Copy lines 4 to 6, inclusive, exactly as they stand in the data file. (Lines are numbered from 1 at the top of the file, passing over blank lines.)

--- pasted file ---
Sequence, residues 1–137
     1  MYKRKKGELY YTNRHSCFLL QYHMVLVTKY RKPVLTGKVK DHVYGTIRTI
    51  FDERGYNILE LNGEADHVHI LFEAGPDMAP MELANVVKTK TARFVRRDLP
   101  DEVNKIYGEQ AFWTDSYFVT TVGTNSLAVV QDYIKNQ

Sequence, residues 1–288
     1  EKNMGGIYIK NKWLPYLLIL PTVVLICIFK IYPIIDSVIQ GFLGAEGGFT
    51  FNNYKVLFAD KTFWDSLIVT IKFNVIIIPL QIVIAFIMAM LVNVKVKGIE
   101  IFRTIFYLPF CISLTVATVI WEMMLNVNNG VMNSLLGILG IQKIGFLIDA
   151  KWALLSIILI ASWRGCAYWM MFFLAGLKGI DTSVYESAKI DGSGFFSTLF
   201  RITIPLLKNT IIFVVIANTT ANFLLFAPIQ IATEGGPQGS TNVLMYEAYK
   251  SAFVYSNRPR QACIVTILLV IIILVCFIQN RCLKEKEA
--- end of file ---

   101  DEVNKIYGEQ AFWTDSYFVT TVGTNSLAVV QDYIKNQ

Sequence, residues 1–288
     1  EKNMGGIYIK NKWLPYLLIL PTVVLICIFK IYPIIDSVIQ GFLGAEGGFT